Richard Sacks

Adjunct Associate Professor

Greek and Germanic Myth and Epic; Indo-European Linguistics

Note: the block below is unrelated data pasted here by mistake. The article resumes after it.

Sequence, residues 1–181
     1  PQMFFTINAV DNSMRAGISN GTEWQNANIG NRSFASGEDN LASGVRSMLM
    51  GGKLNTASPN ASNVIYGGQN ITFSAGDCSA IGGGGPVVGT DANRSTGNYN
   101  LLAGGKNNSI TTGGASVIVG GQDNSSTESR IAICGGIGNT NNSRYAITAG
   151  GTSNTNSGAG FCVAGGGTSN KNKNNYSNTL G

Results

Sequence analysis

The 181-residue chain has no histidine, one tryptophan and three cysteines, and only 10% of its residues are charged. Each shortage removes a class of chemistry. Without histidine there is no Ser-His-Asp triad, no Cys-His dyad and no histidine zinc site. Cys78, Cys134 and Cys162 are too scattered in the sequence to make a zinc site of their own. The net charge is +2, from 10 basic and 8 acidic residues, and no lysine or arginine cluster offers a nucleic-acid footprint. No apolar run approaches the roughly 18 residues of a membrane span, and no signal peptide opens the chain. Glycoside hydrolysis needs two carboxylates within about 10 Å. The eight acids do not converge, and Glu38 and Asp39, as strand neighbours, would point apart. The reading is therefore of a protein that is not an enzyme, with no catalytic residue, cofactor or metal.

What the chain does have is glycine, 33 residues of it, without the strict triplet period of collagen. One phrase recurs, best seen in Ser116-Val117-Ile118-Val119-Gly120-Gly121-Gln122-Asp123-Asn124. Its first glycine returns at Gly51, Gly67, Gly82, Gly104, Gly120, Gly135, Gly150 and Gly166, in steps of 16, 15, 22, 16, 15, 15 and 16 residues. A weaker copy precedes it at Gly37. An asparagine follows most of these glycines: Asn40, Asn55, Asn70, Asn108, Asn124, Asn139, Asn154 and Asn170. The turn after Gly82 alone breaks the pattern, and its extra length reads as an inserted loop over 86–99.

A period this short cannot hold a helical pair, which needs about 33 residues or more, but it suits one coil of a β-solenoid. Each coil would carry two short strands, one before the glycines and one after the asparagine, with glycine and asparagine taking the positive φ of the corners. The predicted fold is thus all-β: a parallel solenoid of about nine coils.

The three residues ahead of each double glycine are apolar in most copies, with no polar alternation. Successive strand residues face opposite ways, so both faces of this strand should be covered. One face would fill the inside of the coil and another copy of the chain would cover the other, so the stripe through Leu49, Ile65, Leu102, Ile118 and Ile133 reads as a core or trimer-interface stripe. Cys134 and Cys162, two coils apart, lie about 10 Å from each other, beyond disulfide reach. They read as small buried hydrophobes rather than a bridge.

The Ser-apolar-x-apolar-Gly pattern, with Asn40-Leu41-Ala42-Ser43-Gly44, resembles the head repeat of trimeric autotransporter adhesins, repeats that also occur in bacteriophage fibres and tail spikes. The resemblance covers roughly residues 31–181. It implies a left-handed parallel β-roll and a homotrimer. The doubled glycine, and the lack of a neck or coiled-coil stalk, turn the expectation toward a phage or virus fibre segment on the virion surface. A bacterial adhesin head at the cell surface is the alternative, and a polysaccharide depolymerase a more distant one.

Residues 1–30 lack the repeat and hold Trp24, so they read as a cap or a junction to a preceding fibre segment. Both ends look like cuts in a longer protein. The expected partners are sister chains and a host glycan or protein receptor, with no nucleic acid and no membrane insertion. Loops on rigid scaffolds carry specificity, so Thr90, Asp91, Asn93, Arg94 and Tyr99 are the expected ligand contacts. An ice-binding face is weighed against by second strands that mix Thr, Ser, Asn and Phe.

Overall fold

B.A. (1974), Ph.D. (1978), Harvard. Professor Sacks joined Columbia’s Department of English and Comparative Literature in 1978, and he has also taught courses for the Departments of Classics and of Germanic Language and Literatures. His work focuses on the literary, mythic and linguistic traditions of Homeric Greek, Old English, and Old Norse, but he also ranges into areas such as biblical narrative, Celtic myth and narrative, classical myth in English poetry, and modern epic poetry (especially Derek Walcott’s Omeros, on which he is currently writing), as well as the field of information technology. He has served terms at Columbia as Director of Academic Information Systems, and as Executive Director of Information Technology and Adjunct Professor of Management Information Systems at the Columbia Business School, as well as Director of the First-Year Writing Program in the College. Awards he has received include fellowships from the National Endowment for the Humanities and the Dublin Institute for Advanced Studies, as well as a Distinguished Teaching Award from Columbia’s School of General Studies. His publications include The Traditional Phrase in Homer: Two Studies in Form, Meaning and Interpretation, as well as articles on Greek, Old English and Old Norse poetry and linguistics, and on technology issues in higher education. Richard Sacks webpage.